European Journal of Applied Physiology

, Volume 112, Issue 7, pp 2757–2766

Dissociation of heart rate variability and heart rate recovery in well-trained athletes

Research Article

DOI: 10.1007/s00421-011-2258-8

Cite this article as:
Lee, C.M. & Mendoza, A. Eur J Appl Physiol (2012) 112: 2757. doi:10.1007/s00421-011-2258-8


The purpose of this investigation was to examine the relationships between aerobic fitness, volume of physical activity (PA), heart rate variability (HRV), and heart rate recovery (HRR) in a group of well-trained endurance athletes. Nineteen endurance athletes participated in this study and had aerobic capacities that placed them above the 99th percentile based on normative values (VO2max: 67.1 ± 2 ml kg−1 min−1). HRV was obtained via an EKG collected during supine rest and reported as high-frequency (HF), low-frequency (LF), and total power (TP). Natural log (ln) transformation was applied when variables violated assumptions of normality. HRR recovery was reported as the reduction in heart rate from peak exercise to the heart rate 1 min after cessation of exercise and PA was estimated from a questionnaire. HRR was significantly correlated with PA and VO2max (r = 0.67, P = 0.003 and 0.51, P = 0.039, respectively), but not with any index of HRV. Age was significantly correlated with lnHF (r = −0.49, P = 0.033), lnLF/lnHF (r = 0.48, P = 0.037), and normalized units (NU) of LF (r = 0.47, P = 0.042) and HF (r = −0.47, P = 0.042). Stepwise regression revealed that the strongest predictor of HRR was PA (R2 = 0.45) and that VO2max did not add significant predictive value to the model. The relationship between HRV and age is evident in well-trained endurance athletes, whereas the relationship between HRV and PA/aerobic fitness is not. The maintained relationship between HRR and PA/aerobic fitness suggests that HRR may be a better marker of fitness-related differences in autonomic control in this population.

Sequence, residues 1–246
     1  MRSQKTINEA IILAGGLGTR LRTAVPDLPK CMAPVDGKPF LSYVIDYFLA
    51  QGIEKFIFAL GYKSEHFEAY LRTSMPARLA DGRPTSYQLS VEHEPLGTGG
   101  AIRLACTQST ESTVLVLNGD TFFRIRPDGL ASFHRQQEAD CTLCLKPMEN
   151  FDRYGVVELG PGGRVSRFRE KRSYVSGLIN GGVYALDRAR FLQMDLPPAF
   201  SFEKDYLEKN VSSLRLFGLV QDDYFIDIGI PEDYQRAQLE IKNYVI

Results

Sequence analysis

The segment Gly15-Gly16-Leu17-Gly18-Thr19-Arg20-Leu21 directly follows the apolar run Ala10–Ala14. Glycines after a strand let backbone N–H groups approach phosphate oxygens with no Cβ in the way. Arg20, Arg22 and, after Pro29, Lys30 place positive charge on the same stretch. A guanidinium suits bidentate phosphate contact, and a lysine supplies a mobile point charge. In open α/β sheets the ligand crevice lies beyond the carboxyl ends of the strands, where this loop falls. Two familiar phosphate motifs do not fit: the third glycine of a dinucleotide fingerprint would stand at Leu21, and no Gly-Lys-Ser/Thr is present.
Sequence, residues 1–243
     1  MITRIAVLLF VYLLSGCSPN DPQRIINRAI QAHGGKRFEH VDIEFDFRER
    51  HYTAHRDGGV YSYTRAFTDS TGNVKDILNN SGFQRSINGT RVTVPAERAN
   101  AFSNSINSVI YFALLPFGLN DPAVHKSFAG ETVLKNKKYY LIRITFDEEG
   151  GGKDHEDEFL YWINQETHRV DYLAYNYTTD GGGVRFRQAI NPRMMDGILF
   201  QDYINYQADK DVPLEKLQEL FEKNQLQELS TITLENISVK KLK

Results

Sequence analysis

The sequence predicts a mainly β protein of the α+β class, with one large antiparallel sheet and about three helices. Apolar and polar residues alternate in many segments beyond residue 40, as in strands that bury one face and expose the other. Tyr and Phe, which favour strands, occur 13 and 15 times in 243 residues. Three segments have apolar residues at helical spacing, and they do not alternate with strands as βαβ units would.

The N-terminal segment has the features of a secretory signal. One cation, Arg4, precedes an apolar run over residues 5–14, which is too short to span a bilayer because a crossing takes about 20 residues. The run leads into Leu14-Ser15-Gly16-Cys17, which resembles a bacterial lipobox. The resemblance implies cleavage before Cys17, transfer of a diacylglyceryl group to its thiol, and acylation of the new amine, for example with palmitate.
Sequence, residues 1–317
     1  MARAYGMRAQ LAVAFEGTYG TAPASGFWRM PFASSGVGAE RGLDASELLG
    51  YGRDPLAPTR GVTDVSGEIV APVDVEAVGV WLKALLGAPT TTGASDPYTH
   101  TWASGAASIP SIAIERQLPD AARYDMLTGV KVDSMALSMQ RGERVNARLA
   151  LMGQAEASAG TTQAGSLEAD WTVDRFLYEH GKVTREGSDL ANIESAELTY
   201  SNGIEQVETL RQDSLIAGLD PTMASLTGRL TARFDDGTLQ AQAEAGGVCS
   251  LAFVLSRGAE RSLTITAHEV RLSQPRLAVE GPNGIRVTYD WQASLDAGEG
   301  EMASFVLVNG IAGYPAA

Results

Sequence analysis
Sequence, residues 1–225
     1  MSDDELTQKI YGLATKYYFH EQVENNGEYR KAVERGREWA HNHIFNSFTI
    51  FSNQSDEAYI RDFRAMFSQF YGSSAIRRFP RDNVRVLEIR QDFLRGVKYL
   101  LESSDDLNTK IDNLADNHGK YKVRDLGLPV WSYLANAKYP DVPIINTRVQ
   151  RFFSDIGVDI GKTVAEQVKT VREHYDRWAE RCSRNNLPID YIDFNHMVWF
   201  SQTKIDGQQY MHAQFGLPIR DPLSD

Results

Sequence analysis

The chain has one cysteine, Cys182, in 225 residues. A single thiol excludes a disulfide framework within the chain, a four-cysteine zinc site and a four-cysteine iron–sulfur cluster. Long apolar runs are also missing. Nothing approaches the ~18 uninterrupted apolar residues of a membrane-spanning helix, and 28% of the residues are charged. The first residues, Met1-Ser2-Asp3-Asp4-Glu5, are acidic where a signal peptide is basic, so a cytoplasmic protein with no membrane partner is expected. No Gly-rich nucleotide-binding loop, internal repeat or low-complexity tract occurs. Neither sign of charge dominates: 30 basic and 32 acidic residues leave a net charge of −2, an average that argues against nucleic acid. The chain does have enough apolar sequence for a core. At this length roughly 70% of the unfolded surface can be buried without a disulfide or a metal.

Autonomic Endurance training Fitness Parasympathetic Sympathetic 

Copyright information

© Springer-Verlag 2011

Authors and Affiliations

  1. 1.Department of KinesiologySan Francisco State UniversitySan FranciscoUSA